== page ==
Plaisance of Antioch

From Wikipedia, the free encyclopedia
Jump to: navigation, search

Queen Plaisance of Cyprus, born Plaisance of Antioch or Plaisance de Poitiers (1235/1236 or ca. 1235 – September 27/22, 1261) was a daughter of Bohemund V of Antioch and his second wife, the Italian noblewoman Lucienne dei Conti di Segni, kinswoman of Pope Innocent III. She became Queen consort and Queen regent of the Kingdom of Cyprus and acting Regent of the Kingdom of Jerusalem for her son Hugh II of Cyprus until her death in 1261.

Biography[edit]

She was firstly married in 1250 to Henry I of Cyprus, who died in 1253. Their son, the infant Hugh II, became King of Cyprus with Plaisance as regent. Plaisance re-married to Balian d'Ibelin, Lord of Arsuf, the son of Jean d'Ibelin, Lord of Arsuf, but they divorced and had the marriage annulled in 1258.

The official King of Jerusalem at the time was the absentee Conrad of Hohenstaufen, who died in 1254, with his title passing to his son Conradin, also still in Germany. The position of regent belonged by birthright to the underage Hugh, who was Conradin's immediate heir and hereditarily the next king if Conradin failed to have his own progeny. In 1258, Plaisance's brother Bohemund VI of Antioch brought Hugh and Plaisance to Acre and demanded that they be recognized as King of Jerusalem and regent, respectively. John of Ibelin (count of Jaffa), the Knights Templar, and the Teutonic Knights agreed with this, against the opposition of the Knights Hospitaller and various jurists who still wished to recognize Conradin as king, even though he was not present in the kingdom.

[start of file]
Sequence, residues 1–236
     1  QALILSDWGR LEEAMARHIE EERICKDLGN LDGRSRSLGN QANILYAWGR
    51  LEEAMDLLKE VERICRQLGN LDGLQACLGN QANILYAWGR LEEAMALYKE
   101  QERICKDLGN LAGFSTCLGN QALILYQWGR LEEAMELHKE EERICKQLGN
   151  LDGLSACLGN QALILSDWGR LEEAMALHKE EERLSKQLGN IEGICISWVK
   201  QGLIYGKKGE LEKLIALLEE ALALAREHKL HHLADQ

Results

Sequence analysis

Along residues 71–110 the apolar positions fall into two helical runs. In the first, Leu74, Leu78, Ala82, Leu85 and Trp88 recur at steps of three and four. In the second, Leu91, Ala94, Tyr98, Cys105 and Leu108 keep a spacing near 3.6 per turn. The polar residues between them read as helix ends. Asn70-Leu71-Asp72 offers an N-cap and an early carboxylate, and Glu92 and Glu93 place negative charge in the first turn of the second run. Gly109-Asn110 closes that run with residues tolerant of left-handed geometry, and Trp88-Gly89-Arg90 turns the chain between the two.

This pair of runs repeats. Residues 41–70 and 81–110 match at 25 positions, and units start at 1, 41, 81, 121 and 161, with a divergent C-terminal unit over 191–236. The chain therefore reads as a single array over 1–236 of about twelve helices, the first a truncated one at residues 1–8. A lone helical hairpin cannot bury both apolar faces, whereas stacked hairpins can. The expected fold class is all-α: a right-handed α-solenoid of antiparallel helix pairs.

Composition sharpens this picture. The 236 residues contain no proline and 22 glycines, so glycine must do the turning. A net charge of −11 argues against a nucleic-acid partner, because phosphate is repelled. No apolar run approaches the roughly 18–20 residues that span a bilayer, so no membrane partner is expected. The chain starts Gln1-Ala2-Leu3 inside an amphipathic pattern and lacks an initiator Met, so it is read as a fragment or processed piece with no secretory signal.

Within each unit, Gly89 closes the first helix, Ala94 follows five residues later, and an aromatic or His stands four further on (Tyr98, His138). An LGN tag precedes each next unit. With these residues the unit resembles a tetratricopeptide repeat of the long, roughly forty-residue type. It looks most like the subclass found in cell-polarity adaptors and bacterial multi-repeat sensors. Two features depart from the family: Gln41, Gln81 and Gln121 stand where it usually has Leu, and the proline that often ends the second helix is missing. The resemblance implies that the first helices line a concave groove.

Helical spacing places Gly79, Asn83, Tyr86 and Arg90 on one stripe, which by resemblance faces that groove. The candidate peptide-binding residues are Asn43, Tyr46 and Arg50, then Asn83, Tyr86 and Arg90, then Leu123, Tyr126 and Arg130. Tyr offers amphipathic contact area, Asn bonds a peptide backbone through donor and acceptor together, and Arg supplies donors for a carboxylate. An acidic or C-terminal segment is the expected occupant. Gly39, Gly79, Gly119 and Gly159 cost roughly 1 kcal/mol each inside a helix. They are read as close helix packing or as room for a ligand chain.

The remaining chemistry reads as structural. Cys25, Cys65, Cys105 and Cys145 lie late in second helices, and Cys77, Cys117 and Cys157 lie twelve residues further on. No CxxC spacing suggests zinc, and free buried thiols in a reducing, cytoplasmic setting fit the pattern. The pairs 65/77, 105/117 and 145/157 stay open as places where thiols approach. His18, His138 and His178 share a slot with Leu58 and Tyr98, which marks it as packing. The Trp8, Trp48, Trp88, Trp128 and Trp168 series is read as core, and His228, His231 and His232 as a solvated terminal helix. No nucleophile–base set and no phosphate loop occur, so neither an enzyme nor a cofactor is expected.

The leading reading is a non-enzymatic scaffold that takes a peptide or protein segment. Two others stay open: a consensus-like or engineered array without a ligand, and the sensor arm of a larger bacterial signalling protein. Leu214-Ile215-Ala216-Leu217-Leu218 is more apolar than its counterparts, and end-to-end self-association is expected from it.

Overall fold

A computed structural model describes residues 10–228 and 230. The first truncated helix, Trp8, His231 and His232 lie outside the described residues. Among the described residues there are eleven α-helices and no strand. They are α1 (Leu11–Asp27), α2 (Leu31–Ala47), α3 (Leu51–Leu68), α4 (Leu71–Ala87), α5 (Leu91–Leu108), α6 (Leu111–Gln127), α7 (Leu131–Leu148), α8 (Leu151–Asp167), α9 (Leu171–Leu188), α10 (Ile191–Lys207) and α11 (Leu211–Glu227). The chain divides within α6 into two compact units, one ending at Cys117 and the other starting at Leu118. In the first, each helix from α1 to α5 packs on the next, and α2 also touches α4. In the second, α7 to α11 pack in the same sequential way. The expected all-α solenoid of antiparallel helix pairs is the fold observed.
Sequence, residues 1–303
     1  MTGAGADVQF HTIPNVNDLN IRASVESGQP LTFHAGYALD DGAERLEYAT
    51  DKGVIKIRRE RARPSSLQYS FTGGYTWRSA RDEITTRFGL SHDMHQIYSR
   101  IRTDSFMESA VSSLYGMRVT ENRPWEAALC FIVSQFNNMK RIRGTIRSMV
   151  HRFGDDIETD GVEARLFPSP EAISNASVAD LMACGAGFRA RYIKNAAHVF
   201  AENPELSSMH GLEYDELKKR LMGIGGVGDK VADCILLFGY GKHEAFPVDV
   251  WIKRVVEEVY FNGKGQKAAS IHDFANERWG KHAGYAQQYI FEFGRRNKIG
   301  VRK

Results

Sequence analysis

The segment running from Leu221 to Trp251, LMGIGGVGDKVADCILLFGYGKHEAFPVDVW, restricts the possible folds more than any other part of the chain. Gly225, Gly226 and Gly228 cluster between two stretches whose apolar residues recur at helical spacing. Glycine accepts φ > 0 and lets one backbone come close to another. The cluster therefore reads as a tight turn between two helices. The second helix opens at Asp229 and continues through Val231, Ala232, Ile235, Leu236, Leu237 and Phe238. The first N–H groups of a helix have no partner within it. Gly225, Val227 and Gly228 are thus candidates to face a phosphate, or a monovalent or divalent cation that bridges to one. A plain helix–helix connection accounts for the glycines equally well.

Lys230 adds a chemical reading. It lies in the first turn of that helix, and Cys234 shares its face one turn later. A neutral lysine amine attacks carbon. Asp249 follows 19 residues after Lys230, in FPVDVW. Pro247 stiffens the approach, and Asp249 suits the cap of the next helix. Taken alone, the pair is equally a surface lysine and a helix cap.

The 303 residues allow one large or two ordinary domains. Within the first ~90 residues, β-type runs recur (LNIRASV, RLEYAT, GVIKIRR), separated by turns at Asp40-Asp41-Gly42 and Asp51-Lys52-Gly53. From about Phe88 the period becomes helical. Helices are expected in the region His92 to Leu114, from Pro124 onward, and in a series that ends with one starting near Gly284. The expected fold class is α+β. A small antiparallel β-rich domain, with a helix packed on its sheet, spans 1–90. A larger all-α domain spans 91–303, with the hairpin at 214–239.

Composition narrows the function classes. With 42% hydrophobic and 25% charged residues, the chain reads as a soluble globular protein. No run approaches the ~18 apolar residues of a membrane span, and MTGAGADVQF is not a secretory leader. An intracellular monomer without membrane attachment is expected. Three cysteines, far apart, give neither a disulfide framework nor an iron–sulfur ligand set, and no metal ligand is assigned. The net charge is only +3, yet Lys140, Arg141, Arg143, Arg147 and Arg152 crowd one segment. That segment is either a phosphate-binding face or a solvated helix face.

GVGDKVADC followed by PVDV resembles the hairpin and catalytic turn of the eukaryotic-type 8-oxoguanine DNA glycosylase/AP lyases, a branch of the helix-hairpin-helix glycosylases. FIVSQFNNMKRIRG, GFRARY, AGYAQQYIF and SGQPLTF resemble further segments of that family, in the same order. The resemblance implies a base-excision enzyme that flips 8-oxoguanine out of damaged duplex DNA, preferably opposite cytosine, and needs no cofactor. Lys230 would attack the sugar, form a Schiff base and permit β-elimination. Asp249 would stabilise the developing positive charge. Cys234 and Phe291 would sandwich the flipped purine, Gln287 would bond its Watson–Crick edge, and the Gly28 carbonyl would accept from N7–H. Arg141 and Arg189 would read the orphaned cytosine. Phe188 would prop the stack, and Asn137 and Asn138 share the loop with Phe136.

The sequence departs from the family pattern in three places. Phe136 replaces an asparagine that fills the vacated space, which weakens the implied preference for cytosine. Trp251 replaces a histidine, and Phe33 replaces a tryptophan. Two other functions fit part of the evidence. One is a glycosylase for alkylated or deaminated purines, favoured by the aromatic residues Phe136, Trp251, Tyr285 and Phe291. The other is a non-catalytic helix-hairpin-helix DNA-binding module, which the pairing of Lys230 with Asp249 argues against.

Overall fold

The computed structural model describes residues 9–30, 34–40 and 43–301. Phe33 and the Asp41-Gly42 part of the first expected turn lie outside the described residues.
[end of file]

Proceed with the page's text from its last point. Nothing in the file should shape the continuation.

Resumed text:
Plaisance, supported by a majority of the nobles, was accepted as acting regent and then appointed her former father-in-law John of Ibelin (lord of Arsuf) to rule as bailiff in her place; he had already been bailiff before her arrival and both Bohemund and John of Jaffa had hoped the presence of Plaisance and Hugh would eliminate the need for another bailiff. The dispute, however, continued and Pope Alexander IV sent the Genoese to attempt to settle it; John of Jaffa convinced Bohemund and Plaisance to unite Jerusalem, Antioch, and Tripoli against them. In 1260 the high churchman (a future pope) Jacques Pantaleon arrived to take up the vacant patriarchate, hoping to solve the crisis. Around this time Plaisance apparently became John of Jaffa's mistress, against the new patriarch's wishes. Pope Urban may have issued a papal bull to Plaisance expressing his disapproval of her relationship, Audi filia et.

Plaisance died at Cyprus in 1261 and the regency of Hugh II passed to Hugh of Antioch-Lusignan, while the regency of Jerusalem passed to her sister-in-law Isabella of Lusignan, who was married to Plaisance's brother and who was the sister of Plaisance's late husband. However, Hugh II died in 1267 before reaching adulthood, and was succeeded by Hugh of Antioch who reigned until 1284.

References[edit]

  • Edbury, Peter W. (1997), John of Ibelin and the Kingdom of Jerusalem, Boydell Press 
Royal titles
Preceded by
Stephanie of Lampron
Queen consort of Cyprus
1250–1254
Succeeded by
Isabella of Ibelin